A study confirms that cost is the main factor driving corporations to implement a pension risk transfer by purchasing an annuity from an insurance company.
One-third of respondent to a survey conducted by CFO Research in cooperation with Prudential Financial chose each of the following factors: Desire to manage the total costs of the organization’s pension plan; desire to mitigate the impact of changing actuarial mortality assumptions, including potential future changes; and desire to mitigate the impact of rising Pension Benefit Guaranty Corporation (PBGC) premiums, including potential future increases.
“Desire to reduce the pension plan’s asset-related volatility” was chosen by 31% of respondents, while “desire to focus the organization on its core business (rather than on pension issues)” and “desire to reduce the number of smaller-benefit payments being made” were each chosen by 25% of respondents.
Seventy-two percent of organizations that have already shifted some defined benefit (DB) plan liability to an insurer via a group annuity purchase indicated they were likely to shift additional liabilities in the future.
Eighty-five percent believe their decision to engage in a pension risk transfer helps them keep their benefits promise to employees and offers employees greater retirement security in the long run. Eighty one percent either agreed or strongly agreed to the statement, “I believe that my organization’s pension beneficiaries who have been affected by a group annuity purchase are content to receive their pension payments from an insurance company.”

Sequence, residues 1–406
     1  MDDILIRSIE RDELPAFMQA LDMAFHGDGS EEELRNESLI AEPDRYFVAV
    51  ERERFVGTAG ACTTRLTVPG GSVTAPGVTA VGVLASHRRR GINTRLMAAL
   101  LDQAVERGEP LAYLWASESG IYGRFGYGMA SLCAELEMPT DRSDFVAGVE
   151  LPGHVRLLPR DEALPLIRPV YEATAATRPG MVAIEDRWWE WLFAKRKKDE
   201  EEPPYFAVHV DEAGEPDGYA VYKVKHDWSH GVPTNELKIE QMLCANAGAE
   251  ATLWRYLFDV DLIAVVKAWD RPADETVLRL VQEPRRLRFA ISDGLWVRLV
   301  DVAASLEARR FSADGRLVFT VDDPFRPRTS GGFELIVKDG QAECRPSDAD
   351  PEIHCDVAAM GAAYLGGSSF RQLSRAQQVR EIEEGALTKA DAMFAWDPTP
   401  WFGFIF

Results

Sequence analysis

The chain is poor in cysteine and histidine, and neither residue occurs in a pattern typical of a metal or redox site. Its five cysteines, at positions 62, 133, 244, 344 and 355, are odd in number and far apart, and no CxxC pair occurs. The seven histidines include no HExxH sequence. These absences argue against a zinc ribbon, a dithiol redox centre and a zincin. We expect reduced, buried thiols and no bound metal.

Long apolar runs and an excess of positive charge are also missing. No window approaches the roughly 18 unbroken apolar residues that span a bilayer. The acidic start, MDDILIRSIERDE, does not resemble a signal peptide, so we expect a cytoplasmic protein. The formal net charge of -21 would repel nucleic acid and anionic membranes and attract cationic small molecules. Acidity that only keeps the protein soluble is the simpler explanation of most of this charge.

Among those who have not completed a pension risk transfer, only 20% said it is likely they will do so in the next two years. However, 28% say the increase in interest rates from a year ago (and the prospect of further increases) make it much more likely to implement a pension risk transfer, while 35% said the same about the recent rise in PBGC premiums (and the prospect of further increases) and 33% said the same about the recent change in actuarial mortality assumptions (and the prospect of further changes).
The study also shows how tax and regulatory proposals from the current administration and Congress could serve as additional motivators for considering such a move. Among respondents who have not yet completed a group annuity purchase, 55% agreed that lowering the corporate tax rate in 2017 would “very likely” motivate their companies to increase pension plan funding—often a precursor to purchasing a group annuity, according to Prudential—in the next year, while 40% agreed that lower taxes would lead them to execute a full or partial pension liability transfer.
Full results of the survey of 80 senior finance executives at companies with traditional pensions can be viewed here.
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